TUC calls for new minimum wage, importation of essential food items over hardship


The Trade Union Congress is calling on the Federal Government to fix a new minimum wage to tackle the rising cost of living in the country.

Since the removal of fuel subsidy, the cost of living has spiked and inflation figures pushing new highs in Nigeria.

Although there have been protests and meetings between labour unions and authorities to roll out measures to ease the hardship, TUC President Festus Osifo is calling for a review of the N30,000 minimum wage.

He spoke in Abuja on Monday during a press briefing barely 24 hours before the commencement of a nationwide protest by the Nigeria Labour Congress over the high cost of living.

Osifo told the gathering that the call for a new minimum wage is part of the solutions proffered by the union to address the economic hardship in the country.

He said the falling value of the naira against the dollar in the FX market has further eroded the value of the minimum wage.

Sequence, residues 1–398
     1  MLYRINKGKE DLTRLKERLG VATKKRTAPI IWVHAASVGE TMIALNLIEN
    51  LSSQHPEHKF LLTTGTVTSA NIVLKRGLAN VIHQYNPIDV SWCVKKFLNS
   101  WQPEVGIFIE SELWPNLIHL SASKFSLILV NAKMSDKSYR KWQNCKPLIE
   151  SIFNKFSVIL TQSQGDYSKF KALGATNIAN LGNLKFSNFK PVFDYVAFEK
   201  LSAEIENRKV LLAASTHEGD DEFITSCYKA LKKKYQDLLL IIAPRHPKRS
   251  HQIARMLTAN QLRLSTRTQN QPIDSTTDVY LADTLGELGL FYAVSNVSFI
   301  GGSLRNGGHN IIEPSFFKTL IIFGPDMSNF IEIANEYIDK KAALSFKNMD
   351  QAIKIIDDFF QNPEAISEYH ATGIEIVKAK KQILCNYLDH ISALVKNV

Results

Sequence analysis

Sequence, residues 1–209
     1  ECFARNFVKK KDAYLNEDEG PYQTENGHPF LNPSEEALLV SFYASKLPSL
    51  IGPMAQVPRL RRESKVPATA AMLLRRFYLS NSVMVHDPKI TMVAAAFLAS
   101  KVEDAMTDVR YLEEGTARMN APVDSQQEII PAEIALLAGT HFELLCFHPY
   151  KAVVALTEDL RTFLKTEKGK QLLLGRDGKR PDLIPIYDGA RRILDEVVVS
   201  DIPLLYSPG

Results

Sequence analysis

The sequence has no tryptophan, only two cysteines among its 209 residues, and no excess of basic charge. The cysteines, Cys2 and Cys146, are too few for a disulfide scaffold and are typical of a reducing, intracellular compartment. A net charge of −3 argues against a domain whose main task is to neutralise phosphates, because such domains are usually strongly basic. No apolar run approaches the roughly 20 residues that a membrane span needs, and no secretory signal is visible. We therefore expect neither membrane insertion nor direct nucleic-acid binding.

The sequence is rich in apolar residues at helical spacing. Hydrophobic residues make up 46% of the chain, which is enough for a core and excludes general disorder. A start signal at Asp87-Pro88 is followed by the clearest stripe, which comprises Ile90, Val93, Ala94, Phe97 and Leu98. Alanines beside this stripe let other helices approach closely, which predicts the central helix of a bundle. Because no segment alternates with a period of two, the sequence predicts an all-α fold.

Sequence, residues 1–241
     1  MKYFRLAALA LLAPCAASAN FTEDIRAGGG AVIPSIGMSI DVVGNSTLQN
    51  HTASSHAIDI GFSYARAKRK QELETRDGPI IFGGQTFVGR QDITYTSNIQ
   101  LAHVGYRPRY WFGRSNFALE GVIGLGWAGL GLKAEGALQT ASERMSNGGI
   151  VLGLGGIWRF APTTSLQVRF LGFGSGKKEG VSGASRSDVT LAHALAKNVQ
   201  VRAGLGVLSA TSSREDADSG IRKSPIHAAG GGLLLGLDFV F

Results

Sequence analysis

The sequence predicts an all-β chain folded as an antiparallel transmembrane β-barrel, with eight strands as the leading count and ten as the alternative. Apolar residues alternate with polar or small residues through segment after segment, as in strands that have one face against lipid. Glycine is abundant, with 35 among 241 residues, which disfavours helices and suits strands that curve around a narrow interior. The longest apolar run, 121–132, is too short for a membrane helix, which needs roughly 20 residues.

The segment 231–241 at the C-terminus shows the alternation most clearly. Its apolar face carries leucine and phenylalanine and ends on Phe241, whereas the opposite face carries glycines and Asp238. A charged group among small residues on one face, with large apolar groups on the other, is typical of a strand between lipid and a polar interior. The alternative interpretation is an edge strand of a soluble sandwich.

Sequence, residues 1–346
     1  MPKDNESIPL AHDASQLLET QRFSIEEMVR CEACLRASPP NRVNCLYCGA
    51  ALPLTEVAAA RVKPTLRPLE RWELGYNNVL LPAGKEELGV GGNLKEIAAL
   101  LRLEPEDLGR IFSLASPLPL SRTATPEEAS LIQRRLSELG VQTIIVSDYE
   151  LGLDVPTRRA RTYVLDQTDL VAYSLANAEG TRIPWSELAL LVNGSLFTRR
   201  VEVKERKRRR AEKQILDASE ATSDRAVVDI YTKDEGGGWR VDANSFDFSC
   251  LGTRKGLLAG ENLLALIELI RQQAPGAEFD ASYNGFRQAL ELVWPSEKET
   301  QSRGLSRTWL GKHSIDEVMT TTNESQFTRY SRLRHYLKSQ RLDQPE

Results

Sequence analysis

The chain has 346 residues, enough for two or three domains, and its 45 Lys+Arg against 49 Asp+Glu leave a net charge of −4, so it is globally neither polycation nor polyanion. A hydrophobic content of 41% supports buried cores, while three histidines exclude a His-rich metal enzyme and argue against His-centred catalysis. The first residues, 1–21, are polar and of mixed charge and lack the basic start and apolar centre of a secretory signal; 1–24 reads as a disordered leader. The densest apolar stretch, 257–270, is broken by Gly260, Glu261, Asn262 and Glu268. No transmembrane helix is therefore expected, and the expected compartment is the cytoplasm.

The TUC leadership is thus calling for the passage and implementation of a new minimum wage law that reflects the current economic realities.

According to him, the Federal Government’s economic team should work towards a more realistic rate of the naira to dollar, which they pegged between N500 and N800 to the dollar.

The union also recommended a clamping down on currency speculators, especially those online, who they say have made remittances from abroad drop.

Osifo also proposed that the government should review taxes on some critical goods imported into the country to ease the hardship.

This is as the unionists advised the Nigeria Customs Service to facilitate trade rather than just celebrate revenue collections.

TUC is thus demanding that the importation of essential food items be allowed immediately by the Comptroller General of the NCS to cushion the effects of the rising cost of living.

They further called for the rolling out of products by the Port Harcourt Refinery by the end of Q1 2024.

The TUC chief blamed insecurity for the current rise in the cost of foodstuff, noting that many farmers have not gone to their farms owing to that.